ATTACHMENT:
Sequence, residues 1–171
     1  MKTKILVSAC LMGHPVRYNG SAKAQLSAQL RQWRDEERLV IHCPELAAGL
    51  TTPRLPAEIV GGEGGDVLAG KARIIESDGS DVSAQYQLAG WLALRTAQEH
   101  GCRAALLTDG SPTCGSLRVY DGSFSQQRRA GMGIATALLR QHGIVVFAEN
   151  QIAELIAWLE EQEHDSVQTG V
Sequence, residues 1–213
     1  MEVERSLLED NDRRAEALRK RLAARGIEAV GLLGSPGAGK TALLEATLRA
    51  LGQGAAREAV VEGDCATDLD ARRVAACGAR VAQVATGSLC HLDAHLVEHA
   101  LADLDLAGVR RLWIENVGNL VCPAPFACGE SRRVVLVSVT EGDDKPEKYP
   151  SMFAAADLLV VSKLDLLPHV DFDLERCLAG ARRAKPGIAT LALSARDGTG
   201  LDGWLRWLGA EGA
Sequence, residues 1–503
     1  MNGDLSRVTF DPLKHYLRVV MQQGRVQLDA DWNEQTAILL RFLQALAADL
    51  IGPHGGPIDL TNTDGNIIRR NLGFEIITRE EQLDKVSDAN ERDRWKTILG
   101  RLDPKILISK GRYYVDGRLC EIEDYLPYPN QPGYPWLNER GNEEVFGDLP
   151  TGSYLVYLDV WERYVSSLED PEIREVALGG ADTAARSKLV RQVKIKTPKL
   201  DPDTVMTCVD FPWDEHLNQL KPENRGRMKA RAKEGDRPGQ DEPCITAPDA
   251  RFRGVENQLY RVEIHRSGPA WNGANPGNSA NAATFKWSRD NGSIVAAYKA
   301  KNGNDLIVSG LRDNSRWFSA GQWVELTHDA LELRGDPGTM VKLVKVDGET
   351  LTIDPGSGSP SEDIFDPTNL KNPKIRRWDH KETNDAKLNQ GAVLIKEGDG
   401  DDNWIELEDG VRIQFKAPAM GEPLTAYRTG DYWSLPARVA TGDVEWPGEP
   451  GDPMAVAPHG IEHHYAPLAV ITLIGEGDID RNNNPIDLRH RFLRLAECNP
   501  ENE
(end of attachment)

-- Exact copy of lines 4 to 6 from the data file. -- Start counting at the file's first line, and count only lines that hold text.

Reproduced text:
   101  GCRAALLTDG SPTCGSLRVY DGSFSQQRRA GMGIATALLR QHGIVVFAEN
   151  QIAELIAWLE EQEHDSVQTG V
Sequence, residues 1–213